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Clin Orthop Relat Res. 2014 Jul;472(7):2231-6. doi: 10.1007/s11999-014-3577-y. Epub 2014 Mar 25.

Loosely implanted cementless stems may become rotationally stable after loading.

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  • 1Orthopaedic Research Laboratory, Departments of Orthopaedic Surgery & Biomedical Engineering, Virginia Commonwealth University, PO Box 980694, Richmond, VA, 23298-0694, USA.

Abstract

BACKGROUND:

Experimental studies have suggested that initial micromotion of cementless components may lead to failure of osteointegration. Roentgen stereophotogrammetric analyses have shown durable implant fixation can be achieved long-term even when initial instability exists, as evidenced by subsidence. However improved implant stability as a result of subsidence, before osteointegration, has not been shown biomechanically.

QUESTIONS/PURPOSES:

We asked whether insertionally loose cementless tapered femoral stems show (1) less rotational stability (more toggle); (2) more subsidence; and (3) reduced ability to resist torsion (lower initial construct stiffness), lower torque at failure, and greater rotation to failure in comparison to well-fixed cementless tapered femoral stems.

METHODS:

Ten matched pairs of cadaveric femurs were implanted with well-fixed and loose cementless tapered stems. The loose stem construct was obtained by appropriately broaching the femur but afterwards inserting a stem one size smaller than that broached. Femoral stem rotational stability of implanted femurs was tested by measuring the angular rotation (ie, toggle) required to produce a torque of 2 N-m at 0 N, 250 N, and 500 N vertical load in 25° adduction simulating single-legged stance. Subsidence was measured as vertical movement during the toggle tests. Then at 500 N initial vertical load, femoral stems were externally rotated to failure. The construct stiffness between 5 and 40 N-m was determined to assess ability to resist torsion. The torque and rotation to failure were recorded to compare failure characteristics. Groups were compared using mixed model ANOVA followed by Tukey-Kramer post hoc pairwise comparison for toggle and subsidence tests and by Student's paired t-tests for stiffness, torque at failure, and rotation to failure tests.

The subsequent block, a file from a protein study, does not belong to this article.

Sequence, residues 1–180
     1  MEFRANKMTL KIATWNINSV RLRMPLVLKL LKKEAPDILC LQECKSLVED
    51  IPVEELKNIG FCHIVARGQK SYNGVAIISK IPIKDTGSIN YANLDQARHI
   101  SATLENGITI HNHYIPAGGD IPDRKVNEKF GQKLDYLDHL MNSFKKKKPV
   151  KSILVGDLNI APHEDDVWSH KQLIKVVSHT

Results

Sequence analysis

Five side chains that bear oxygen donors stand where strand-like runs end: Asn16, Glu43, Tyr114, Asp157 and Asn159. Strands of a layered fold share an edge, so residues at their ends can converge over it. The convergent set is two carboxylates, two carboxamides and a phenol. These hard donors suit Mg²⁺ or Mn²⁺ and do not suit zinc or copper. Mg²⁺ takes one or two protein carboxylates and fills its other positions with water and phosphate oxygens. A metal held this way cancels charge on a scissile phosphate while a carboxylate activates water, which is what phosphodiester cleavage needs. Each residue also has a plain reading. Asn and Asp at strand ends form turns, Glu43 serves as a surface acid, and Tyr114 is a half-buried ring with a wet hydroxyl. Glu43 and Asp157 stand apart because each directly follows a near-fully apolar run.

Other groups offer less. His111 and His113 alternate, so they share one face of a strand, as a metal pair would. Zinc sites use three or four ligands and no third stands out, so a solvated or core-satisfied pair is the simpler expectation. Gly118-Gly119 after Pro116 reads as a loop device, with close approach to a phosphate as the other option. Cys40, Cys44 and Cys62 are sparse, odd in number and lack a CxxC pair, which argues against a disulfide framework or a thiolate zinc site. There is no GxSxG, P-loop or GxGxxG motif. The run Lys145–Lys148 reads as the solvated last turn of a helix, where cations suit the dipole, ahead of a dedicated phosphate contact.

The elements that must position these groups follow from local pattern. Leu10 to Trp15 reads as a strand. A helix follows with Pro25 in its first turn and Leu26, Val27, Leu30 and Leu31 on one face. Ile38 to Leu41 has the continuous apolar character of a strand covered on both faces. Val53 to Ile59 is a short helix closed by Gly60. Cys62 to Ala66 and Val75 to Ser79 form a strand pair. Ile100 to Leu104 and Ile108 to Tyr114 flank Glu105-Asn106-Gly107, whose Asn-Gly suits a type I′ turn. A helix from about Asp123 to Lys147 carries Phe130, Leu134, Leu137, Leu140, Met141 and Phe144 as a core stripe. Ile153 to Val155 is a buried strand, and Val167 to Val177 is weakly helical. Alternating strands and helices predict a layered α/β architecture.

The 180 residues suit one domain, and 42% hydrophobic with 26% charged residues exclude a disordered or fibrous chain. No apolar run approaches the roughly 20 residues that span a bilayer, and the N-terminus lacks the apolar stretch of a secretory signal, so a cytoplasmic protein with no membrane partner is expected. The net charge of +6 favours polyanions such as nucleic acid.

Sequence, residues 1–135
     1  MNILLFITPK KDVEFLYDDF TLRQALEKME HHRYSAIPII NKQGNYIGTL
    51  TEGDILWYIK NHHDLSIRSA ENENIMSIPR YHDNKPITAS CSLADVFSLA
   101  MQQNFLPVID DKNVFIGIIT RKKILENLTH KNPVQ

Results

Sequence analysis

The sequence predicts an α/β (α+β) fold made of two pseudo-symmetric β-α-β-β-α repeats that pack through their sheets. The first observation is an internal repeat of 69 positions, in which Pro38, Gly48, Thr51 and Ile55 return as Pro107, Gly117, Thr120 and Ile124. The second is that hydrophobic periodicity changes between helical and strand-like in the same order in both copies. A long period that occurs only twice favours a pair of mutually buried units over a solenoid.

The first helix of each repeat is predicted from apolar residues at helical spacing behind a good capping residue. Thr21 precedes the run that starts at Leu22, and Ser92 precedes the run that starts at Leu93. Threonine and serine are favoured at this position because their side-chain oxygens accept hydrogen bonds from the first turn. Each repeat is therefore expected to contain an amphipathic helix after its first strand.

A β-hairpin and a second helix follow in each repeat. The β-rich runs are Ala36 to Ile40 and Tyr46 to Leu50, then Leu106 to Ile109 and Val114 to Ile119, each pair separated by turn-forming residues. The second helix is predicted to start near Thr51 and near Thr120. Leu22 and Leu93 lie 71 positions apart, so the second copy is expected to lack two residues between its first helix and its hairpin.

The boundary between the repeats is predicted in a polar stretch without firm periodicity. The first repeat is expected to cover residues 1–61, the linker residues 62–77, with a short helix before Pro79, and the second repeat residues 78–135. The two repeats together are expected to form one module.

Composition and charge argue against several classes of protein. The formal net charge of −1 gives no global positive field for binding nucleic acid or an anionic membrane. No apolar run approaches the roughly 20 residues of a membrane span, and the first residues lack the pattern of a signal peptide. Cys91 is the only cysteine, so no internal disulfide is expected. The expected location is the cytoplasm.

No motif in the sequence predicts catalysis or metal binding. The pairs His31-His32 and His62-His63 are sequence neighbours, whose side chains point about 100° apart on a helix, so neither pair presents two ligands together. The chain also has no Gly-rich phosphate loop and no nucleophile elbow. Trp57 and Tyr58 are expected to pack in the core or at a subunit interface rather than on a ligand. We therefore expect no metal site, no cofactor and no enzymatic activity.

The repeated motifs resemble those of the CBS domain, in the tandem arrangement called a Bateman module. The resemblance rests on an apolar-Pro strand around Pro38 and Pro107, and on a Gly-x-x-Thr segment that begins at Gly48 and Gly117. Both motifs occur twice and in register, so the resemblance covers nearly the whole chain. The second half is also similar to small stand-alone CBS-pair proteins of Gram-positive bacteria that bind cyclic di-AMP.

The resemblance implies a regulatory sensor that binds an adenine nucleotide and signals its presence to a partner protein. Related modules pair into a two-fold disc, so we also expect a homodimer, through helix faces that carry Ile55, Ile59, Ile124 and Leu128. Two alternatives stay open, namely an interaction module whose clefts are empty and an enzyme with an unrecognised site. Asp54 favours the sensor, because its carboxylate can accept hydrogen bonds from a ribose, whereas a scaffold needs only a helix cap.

RESULTS:

Loose tapered cementless stems were less stable (ie, more toggle) than well-fixed at 0 N of load (p < 0.0001), but no difference was detectable in toggle between loose and well-fixed stems at 250 N (p = 0.7019) and 500 N (p = 0.9970). Loose tapered cementless stems showed significant subsidence at 250 N (p < 0.0001) and 500 N (p < 0.0001), which was not found in the well-fixed stems at 250 N (p = 0.8813) and 500 N (p = 0.1621). Torsional stiffness was lower for loose stems as compared with well-fixed stems (p = 0.0033). No difference in torque at failure (p = 0.7568) or rotation to failure (p = 0.2629) was detected between loose and well-fixed stems.

CONCLUSIONS:

In this study, we observed that insertionally loose cementless stems have the ability to subside and become rotationally stable with loading. They did not exhibit a lower torque or rotation to failure in comparison to well-fixed stems when under simulated single-legged stance.

CLINICAL RELEVANCE:

Secondary rotational stabilization may prevent insertionally loose tapered stems from producing a stress pattern that predisposes to early postoperative periprosthetic fracture around loose cemented stems.

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